Montreal was founded by the French in 1642 as a mission and fur trade post. After the British Conquest of New France, Montreal grew in importance as a major economic centre, and by 1860 it had surpassed Quebec City as the largest city in Canada, as well as its undisputed economic and cultural centre. Many English and Scottish immigrants settled in Montreal alongside the original French-Canadian inhabitants, giving the city a strong Anglophone presence. Since the late 1800s however, most newly arriving Anglophone immigrants moved west into Ontario and the prairies, and Montreal gradually returned to its original French roots. Today it is the largest French-speaking city in the Americas, and the second largest city in Canada.
We respectfully acknowledge that Montreal is located on unceded Indigenous lands and is historically known as a gathering place for many First Nations, including the St. Lawrence Iroquois, Haudenosaunee and Anishinabeg nations. Today, it is home to a diverse population of Indigenous and other peoples.
Montreal Receiving Station
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One such incident occurred in Montreal on October 21, 1914 when an explosion leveled a tenement block, primarily occupied by working class immigrants. The explosion and resulting fire killed two men, injured many more, and caused a wave of panic to ripple across the city. Rumors claimed that the two dead men caused the explosion when a bomb they were storing for more "nefarious" purposes accidentally detonated. Although an investigation proved that the explosion was due to a faulty gas line, many remained convinced it was the action of enemy spies. The mayor even received a letter shortly after that warned of an organized and heavily armed group of German and Austro-Hungarian nationals who planned to enact more violence and destruction in the city.1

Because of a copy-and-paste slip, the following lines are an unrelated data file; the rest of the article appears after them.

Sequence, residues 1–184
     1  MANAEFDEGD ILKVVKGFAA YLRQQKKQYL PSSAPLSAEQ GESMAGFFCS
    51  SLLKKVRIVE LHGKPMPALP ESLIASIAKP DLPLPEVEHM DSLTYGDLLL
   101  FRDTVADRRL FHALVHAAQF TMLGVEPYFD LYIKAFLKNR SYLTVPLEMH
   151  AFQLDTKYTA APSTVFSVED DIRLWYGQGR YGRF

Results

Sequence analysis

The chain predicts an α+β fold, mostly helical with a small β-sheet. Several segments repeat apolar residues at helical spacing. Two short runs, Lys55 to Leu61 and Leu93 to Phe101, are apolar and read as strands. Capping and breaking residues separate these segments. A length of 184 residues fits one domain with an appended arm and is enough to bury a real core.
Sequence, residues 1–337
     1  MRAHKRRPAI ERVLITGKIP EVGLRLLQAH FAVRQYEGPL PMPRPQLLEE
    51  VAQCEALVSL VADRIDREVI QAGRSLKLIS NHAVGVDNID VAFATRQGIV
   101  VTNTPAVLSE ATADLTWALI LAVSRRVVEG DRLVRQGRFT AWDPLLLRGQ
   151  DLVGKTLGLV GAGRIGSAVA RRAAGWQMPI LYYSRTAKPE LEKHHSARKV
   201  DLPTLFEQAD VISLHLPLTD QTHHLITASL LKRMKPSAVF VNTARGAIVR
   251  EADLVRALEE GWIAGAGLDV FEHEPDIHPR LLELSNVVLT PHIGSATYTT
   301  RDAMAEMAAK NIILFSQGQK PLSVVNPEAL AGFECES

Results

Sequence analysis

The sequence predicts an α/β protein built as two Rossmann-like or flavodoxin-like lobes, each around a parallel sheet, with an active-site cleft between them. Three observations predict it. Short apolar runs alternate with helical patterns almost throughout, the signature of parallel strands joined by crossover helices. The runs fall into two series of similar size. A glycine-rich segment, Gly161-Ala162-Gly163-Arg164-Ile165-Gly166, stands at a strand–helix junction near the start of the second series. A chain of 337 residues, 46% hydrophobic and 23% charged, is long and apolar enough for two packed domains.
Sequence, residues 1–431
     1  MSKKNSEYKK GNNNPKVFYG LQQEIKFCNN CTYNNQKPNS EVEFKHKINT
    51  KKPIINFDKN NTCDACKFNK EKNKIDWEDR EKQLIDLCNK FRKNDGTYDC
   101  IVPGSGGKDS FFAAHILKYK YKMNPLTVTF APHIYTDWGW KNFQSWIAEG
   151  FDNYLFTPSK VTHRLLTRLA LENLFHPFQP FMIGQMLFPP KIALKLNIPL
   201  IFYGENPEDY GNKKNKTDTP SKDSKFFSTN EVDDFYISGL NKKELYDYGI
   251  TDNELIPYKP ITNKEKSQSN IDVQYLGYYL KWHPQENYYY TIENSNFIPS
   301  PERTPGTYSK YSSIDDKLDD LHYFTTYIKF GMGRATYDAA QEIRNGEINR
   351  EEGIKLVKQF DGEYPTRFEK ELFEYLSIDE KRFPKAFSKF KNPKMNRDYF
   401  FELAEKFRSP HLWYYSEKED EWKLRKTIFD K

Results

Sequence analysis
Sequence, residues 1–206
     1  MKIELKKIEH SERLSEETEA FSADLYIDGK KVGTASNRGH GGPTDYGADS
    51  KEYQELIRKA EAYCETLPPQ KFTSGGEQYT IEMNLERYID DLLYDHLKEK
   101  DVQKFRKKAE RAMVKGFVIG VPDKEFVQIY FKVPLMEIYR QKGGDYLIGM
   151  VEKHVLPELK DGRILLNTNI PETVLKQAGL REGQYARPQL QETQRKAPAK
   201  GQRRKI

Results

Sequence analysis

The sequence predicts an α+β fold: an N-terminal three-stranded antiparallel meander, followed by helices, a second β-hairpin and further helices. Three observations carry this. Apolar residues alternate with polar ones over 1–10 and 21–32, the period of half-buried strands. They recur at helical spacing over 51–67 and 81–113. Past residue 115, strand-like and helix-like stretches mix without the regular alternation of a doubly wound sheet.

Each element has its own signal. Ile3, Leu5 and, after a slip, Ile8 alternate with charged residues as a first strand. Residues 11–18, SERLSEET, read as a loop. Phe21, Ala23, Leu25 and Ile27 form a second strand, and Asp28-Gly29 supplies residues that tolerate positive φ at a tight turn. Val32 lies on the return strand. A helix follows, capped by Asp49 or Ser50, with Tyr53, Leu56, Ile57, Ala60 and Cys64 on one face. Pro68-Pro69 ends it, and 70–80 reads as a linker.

Despite the suspicion and hysteria of the general public, the government was initially more skeptical of the rampant claims of enemy sabotage. Investigations by the North West Mounted Police and other police forces turned up little evidence that Austro-Hungarian immigrants were allied with the enemy. One immigration report from northern Ontario reported, "It seems that as long as the majority of these foreigners are kept in work there will be no cause for anxiety" and that the German and Austro-Hungarian immigrants there were "quiet and inclined to mind their own business."2
Despite the lack of evidence, both government officials and the public grew increasingly nervous about the loyalties of the so-called "enemy aliens" in their midst. Anyone who was a reservist for an enemy nation was considered an enemy combatant and a threat to Canadian security that needed to be contained. On August 13, the SS Ruthenia, a passenger ship from Antwerp, docked at Montreal and was promptly boarded by a group of police. They arrested 13 of the ships' crew who were identified as enemy reservists and detained them at the immigration building as prisoners of war. Another 22 German and Austro-Hungarian reservists were already in custody - they had been arrested trying to cross the border into the United States.3
The immigration building on rue St Antoine had become the first official internment site as enemy reservists were taken there in increasing numbers. However, the immigration was not a suitable place to keep internees long term. As late August grew into September and beyond, several internment camps opened in quick succession across the country. For government officials, the camps could not be built fast enough.